Mr Cameron

  50. Lord Chancellor, can I take you back briefly to the Crown Prosecution Service? Most people would agree that the good part of the creation of the Crown Prosecution Service was to have an independent authority deciding whether to prosecute. The disadvantage in many people's eyes is that you (or we or whoever it was who did it); I do not believe it was the Conservatives who created something of a monopoly in terms of the decisions taken about prosecution. It does not exactly mean that you attract the brightest legal brains into the CPS. Are you not in danger of repeating the same mistake with the Criminal Defence Service, the planned-for service? I wonder if you could say a few words about how far you see the Criminal Defence Service going in the direction of salaried public defenders.
  (Lord Irvine of Lairg) I will certainly come to that, but let me just respond to what you said about the Crown Prosecution Service. I think it is very important that the Crown Prosecution Service be properly funded. We addressed that when we engaged in our last spending round, and both I and the then Home Secretary agreed that out of the special fund that there was a joint pot, of £525 million over three years, which is of course available to the Home Office, the Crown Prosecution Service and the Lord Chancellor's Department, I think the Attorney General would be the first to agree (or his predecessor) that we made a very generous allocation to the Crown Prosecution Service, recognising that it was under-funded. Secondly, we have cured a historic anomaly that Crown Prosecution lawyers were being paid less than defence lawyers, and so there is now equality of reward broadly speaking between the rewards that counsel get for defending and the rewards that counsel get for prosecuting. Both of these points are relevant to getting proper quality into the Crown Prosecution Service. As far as the Criminal Defence Service is concerned, this is an experiment. It is an experiment only. If public defenders do not bring benefits to the system then we will not continue with them. The extent to which this has gone is very, very minor so far. Public defender service offices have opened in Liverpool, Middlesbrough, Swansea and Birmingham, the first three in May, the second in July. Just to give you the scale of it, Liverpool has 127 clients, Middlesbrough 60, Swansea 167 and Birmingham 23. We are going to be opening one other office shortly. You have six public defender offices with a tiny number of clients and this compares with over 2,800 private contracted solicitors who offer criminal defence services. What I am saying is it is very, very small and it is experimental.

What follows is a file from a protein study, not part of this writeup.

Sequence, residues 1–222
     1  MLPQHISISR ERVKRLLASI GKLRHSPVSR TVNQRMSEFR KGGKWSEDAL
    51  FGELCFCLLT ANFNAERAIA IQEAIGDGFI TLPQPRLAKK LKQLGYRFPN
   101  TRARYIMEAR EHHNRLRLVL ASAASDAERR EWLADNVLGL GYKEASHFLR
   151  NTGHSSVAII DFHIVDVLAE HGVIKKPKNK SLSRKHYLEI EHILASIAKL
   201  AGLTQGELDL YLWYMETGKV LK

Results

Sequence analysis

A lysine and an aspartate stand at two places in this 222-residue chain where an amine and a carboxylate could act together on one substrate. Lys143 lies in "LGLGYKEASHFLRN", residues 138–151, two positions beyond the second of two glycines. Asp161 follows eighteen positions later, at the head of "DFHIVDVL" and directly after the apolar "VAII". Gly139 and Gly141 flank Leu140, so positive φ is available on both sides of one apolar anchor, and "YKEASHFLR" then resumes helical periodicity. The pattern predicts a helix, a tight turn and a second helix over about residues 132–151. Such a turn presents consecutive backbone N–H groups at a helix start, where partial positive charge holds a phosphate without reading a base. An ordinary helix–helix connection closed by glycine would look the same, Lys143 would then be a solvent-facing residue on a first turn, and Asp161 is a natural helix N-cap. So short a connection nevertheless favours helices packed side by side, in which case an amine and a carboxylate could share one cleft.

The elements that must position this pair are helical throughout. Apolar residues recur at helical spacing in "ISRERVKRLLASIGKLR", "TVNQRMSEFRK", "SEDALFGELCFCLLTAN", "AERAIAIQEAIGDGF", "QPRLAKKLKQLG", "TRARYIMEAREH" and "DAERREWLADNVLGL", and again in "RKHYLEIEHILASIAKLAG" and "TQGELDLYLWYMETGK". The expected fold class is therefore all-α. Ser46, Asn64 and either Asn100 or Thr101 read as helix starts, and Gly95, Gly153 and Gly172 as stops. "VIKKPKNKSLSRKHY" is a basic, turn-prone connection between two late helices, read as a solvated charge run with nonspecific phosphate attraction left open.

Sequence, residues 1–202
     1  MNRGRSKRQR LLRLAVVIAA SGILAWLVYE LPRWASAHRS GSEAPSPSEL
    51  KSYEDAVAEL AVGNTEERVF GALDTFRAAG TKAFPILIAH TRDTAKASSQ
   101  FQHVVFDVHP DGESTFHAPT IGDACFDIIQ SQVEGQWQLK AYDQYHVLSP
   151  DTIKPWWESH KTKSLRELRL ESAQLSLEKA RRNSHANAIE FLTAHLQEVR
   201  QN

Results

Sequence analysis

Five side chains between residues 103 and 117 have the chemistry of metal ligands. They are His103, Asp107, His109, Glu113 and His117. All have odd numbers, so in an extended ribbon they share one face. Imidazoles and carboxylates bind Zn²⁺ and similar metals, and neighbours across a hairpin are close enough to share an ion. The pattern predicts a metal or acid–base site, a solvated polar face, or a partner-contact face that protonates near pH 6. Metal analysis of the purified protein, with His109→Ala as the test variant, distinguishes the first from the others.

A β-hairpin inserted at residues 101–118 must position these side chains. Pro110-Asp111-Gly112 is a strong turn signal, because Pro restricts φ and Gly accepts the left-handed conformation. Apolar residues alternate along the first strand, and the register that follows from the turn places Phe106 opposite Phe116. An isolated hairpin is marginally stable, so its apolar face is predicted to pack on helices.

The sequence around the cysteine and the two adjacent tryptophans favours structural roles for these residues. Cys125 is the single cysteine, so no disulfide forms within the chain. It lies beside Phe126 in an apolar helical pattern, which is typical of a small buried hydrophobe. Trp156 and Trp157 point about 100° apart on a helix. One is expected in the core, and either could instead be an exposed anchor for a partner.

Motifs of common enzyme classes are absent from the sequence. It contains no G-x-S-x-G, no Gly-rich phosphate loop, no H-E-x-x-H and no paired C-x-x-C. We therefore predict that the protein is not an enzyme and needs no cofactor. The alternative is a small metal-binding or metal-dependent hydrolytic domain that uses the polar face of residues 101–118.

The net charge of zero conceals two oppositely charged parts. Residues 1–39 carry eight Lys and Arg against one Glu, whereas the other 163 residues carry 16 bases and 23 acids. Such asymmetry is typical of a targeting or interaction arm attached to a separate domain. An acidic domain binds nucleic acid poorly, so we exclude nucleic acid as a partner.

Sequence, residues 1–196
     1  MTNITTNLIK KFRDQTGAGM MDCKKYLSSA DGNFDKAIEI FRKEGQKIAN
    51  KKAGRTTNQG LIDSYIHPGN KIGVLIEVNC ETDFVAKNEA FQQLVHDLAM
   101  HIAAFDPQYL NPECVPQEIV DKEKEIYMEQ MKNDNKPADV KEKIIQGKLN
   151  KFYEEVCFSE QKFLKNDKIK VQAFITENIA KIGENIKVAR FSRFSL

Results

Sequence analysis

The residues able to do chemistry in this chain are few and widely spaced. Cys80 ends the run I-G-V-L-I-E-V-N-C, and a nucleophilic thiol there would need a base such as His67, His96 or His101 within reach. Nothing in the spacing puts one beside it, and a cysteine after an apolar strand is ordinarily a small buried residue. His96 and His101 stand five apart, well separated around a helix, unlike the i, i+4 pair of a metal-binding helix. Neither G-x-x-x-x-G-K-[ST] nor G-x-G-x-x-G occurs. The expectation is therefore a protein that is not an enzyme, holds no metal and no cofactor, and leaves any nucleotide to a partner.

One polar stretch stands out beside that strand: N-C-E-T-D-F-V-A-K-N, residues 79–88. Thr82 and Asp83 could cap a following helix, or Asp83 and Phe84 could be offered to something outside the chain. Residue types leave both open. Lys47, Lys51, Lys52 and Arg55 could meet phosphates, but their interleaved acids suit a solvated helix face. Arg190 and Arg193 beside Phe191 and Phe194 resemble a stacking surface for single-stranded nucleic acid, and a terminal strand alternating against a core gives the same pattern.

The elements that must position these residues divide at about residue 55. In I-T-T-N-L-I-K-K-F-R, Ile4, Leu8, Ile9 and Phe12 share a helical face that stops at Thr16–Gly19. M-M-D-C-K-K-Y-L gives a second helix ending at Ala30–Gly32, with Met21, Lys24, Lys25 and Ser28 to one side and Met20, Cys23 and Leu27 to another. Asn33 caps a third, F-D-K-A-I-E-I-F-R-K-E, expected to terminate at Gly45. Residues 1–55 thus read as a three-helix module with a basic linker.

51. What sort of benefits are you trying to get out of it? If you are nervous and saying it is an experiment what are the benefits?
  (Lord Irvine of Lairg) I am not nervous in saying it is an experiment, but it is an experiment worth conducting because we hope it will provide a high quality service. No defendant is going to be compelled to go to a public defender office, he is going to have a choice. These public defender offices will either succeed or fail on their own merit, they will be properly assessed in terms of value-for-money. Everything that I have said in the course of the passage of the Access to Justice Bill showed a clear awareness and acceptance on my part that this was purely an experiment.

  52. I am not quite clear about what problem you are aiming to get over. The CPS had to be created because you needed independent prosecution decisions. What you lost was a sort of market in solicitors, with the police knowing who to choose and who was good. What you have now if you are a defendant is that your solicitor can choose any barrister, so there is a market, as it were.
  (Lord Irvine of Lairg) That is still so.

  53. Absolutely. What is the problem that these paid public defender offices are trying to cure?
  (Lord Irvine of Lairg) One is trying to test out a higher standard of provision and one that gives greater satisfaction to the user that can be delivered other than by private means. Also in parts of the country, not many, admittedly, where there are problems of supply of criminal defence services these offices can supplement shortages in supply. Why I think there is nothing to fear is because the market will determine it.

  54. Thank you.
  (Lord Irvine of Lairg) There is no compulsion to go to them.

  Chairman: Can we turn to access to justice.

Mr Watson

  55. Lord Chancellor, there has obviously been a number of court challenges to the Act, what steps is the Department taking to monitor and research the impact of removing areas of law from legal aid?